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Founder of ‘paleo-orthodoxy’ dies

Thomas Oden passed away Thursday at age 85

Thomas Oden Handout

Founder of ‘paleo-orthodoxy’ dies

Thomas Oden, the Methodist theologian known for his study of classical Christianity, died Thursday at age 85.

Oden authored numerous books, articles, and essays on Christian thought and teaching, but he was best known as a proponent of paleo-orthodoxy, a theological approach relying heavily on early Christian writers.

In his 2014 autobiography, A Change of Heart, Oden told the story of his first year of teaching at Drew University in 1970 when a friend challenged him to focus on patristic writers. Oden describes the shift in thought as waking up to meet “a 2000-year stable memory” of Scripture.

“The heart of my story is that the first part of 40 years of my life, I was way, way out there on a path that I had to go on in order to come back like the Prodigal Son to the father,” Oden said in a 2015 interview with Al Mohler, president of The Southern Baptist Theological Seminary. “But eventually I did, and by my 40th year, I became deeply invested in listening carefully to the classical Christian consensus.”

Oden wrote extensively on a number of topics, including church controversies, evangelicalism, the philosophy of Søren Kierkegaard, the Methodist church, church discipline, John Wesley, postmodernism, and more. His focus on the works of early Christian theologians made him popular across denominations—from mainline Protestants to evangelicals to Catholics.

But for all of his work, Oden famously said his goal was to contribute nothing new to Christian theology. In his book After Modernity … What? Oden described a dream:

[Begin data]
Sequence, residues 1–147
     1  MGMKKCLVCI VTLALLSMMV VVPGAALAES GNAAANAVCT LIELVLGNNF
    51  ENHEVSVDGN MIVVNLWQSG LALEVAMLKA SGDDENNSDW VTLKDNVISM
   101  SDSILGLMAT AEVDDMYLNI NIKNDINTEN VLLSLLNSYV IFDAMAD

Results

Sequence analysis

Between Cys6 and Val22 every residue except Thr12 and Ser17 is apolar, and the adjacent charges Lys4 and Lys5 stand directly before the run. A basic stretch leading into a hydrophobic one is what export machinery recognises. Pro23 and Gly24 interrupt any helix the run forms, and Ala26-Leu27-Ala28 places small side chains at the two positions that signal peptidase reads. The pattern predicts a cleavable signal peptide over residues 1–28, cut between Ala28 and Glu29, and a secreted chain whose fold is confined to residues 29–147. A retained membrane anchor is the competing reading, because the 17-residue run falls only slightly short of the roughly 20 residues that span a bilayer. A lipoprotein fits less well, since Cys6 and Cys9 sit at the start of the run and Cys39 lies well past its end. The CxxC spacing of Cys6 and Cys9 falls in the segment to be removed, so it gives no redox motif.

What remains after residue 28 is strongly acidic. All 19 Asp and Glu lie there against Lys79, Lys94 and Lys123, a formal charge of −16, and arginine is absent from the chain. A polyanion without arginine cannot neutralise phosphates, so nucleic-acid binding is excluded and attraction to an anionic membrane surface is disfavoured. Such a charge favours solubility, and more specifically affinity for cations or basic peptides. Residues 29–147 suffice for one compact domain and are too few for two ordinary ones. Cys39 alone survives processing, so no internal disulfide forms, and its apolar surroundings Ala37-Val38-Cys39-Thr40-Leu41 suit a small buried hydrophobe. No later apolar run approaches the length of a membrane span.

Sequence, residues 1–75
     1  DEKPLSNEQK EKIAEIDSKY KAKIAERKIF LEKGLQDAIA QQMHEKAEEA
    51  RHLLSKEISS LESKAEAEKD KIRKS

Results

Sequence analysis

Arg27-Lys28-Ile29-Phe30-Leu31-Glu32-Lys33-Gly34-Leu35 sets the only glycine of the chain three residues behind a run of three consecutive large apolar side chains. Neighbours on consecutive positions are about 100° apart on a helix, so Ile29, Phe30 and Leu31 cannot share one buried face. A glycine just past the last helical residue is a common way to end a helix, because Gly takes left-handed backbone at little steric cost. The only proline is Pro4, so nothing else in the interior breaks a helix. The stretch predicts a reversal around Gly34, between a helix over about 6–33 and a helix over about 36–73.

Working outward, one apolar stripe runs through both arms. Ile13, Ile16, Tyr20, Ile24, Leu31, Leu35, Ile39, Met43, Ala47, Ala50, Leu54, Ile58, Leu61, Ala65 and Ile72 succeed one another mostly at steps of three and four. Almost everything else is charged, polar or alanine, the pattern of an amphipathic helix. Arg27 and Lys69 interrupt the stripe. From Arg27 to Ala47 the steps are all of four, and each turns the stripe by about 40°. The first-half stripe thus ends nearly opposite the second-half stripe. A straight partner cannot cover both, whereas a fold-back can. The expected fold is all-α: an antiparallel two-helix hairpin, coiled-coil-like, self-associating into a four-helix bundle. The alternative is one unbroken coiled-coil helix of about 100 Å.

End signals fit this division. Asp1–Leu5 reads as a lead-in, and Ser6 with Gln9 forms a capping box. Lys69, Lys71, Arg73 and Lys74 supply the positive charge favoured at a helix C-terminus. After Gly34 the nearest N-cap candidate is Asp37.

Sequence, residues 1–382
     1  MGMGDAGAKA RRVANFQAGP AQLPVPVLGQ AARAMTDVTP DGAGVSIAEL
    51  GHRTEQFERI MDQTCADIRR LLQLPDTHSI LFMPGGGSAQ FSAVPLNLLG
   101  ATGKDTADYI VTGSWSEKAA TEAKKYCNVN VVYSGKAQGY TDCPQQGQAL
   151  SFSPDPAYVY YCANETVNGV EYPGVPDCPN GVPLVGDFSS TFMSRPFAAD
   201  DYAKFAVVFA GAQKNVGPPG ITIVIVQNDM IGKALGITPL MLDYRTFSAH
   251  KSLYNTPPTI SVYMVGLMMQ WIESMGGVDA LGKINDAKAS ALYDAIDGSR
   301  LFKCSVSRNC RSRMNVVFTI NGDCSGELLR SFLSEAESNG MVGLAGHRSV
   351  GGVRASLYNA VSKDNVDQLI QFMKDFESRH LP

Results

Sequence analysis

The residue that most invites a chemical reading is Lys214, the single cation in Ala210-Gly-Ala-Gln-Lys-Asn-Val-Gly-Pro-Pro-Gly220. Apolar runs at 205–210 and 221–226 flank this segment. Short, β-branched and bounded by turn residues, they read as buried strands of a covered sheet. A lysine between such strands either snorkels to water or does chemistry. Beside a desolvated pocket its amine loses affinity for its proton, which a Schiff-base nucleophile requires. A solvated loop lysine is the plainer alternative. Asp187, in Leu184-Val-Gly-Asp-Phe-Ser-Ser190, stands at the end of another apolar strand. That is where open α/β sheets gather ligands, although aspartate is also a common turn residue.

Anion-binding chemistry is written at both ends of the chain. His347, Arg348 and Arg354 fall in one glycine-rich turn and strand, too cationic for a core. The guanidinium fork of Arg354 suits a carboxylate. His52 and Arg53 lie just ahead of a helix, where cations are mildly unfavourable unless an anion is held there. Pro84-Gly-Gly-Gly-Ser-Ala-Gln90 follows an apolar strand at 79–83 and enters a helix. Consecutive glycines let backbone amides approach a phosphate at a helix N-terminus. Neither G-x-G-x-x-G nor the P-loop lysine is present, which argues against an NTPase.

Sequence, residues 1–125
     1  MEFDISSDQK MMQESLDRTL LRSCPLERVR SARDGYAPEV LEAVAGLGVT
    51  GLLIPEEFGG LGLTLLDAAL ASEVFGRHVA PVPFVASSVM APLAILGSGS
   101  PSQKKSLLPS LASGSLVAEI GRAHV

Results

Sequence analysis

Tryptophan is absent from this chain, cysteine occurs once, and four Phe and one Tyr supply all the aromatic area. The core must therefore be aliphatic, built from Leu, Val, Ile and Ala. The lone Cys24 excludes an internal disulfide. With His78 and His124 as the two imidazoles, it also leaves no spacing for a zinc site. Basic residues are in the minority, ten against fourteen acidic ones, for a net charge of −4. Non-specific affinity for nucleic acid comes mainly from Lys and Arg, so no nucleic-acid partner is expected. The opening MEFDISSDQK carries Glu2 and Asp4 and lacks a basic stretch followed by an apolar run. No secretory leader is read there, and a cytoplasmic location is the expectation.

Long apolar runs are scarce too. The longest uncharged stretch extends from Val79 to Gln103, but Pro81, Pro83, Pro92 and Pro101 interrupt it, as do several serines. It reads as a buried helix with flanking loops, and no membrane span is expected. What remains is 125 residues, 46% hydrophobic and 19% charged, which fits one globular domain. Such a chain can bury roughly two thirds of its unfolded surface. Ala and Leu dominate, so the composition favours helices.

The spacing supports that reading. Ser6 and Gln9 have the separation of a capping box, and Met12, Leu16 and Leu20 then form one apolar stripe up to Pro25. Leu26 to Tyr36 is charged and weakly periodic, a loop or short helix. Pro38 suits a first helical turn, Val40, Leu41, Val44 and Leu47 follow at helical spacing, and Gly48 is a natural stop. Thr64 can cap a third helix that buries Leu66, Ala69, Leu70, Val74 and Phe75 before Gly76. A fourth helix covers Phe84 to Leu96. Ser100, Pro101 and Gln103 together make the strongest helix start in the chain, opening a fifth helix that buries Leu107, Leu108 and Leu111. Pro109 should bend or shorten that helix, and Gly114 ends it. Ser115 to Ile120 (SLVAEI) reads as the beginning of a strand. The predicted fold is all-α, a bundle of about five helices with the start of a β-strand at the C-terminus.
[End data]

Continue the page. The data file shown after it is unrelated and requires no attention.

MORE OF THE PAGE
“I accidently stumbled over my own tombstone, only to be confronted by this bemusing epitaph: ‘He made no contribution to theology.’”

He coined the term “paleo-orthodoxy,” believing Christians should heed the wisdom of the historical Church rather than modern scholars and theologians, whom he thought could be easily tainted by political agendas.

Oden attained undergraduate degrees from the University of Oklahoma and Southern Methodist University and a Ph.D. from Yale University. He spent his lifetime teaching, with positions at his alma maters Yale and Southern Methodist, as well as Phillips University, Texas Medical School, Princeton Theological Seminary, Austin Presbyterian Theological Seminary, the School of Theology at Claremont, the General Theological Seminary, and Drew University.

He later served as executive editor of Christianity Today

Oden’s wife, Edrita, died of cancer in 1998 after their 45 years of marriage. He is survived by his three children and their families.

Evan Wilt Evan is a World Journalism Institute graduate and a former WORLD reporter.


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